However, an impaired spatial representation in neglect might also be secondary to reduced attention or exploration of contralesional space.

Spatial Or Directional Motor Deficits

Evidence also exists for a deficit in directing eye or limb movements contralesionally or to targets in contralesional space in some individuals with neglect (Heilman et al., 1985; Mattingley et al., 1992). This may be a disorder of initiating movements (sometimes referred to as directional hypokinesia) or in slowness of movement execution (termed directional bradykinesia).

Directional motor deficits may be modulated by locations of visual targets. One study has demonstrated slowness in initiating leftward movements to targets in left hemispace, but not those in right hemispace, in right parietal patients with neglect (Mattingley et al., 1998).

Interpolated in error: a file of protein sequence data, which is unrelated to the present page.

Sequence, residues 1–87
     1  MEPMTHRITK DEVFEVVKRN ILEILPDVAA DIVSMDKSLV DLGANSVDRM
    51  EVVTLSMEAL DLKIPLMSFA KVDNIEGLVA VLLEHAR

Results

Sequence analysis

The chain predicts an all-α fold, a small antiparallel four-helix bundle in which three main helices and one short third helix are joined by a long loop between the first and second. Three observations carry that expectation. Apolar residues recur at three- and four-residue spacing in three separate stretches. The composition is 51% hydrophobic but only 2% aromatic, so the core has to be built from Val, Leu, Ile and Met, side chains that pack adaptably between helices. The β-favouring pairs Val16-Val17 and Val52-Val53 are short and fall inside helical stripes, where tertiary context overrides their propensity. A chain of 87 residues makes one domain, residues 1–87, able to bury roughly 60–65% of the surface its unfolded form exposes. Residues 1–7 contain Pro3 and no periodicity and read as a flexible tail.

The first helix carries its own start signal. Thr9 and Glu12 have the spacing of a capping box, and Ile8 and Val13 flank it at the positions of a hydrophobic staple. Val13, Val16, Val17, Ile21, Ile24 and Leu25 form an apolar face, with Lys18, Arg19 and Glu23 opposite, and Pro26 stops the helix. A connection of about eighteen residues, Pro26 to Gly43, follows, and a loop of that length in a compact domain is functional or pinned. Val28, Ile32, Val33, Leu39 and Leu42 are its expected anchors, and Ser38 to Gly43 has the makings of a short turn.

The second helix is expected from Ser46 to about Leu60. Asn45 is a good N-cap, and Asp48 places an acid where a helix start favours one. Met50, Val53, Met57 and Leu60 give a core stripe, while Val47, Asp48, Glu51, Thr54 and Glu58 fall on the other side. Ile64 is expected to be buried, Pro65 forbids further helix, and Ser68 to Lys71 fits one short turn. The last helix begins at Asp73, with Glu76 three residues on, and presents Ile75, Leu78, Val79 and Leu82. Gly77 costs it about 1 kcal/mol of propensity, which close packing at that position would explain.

Spatial Working Memory Deficits

Recent investigations have revealed that some neglect patients also have difficulty in keeping track of spatial locations across saccadic eye movements (Husain et al., 2001; Mannan et al., 2005). Such a deficit in spatial working memory appears to exacerbate any lateralised biases in these patients.

The findings suggest limitations in visual short term memory, particularly for the locations of objects (Pisella et al., 2004; Malhotra et al., 2005; Ferber and Danckert 2006).

Non-spatial Attention Deficits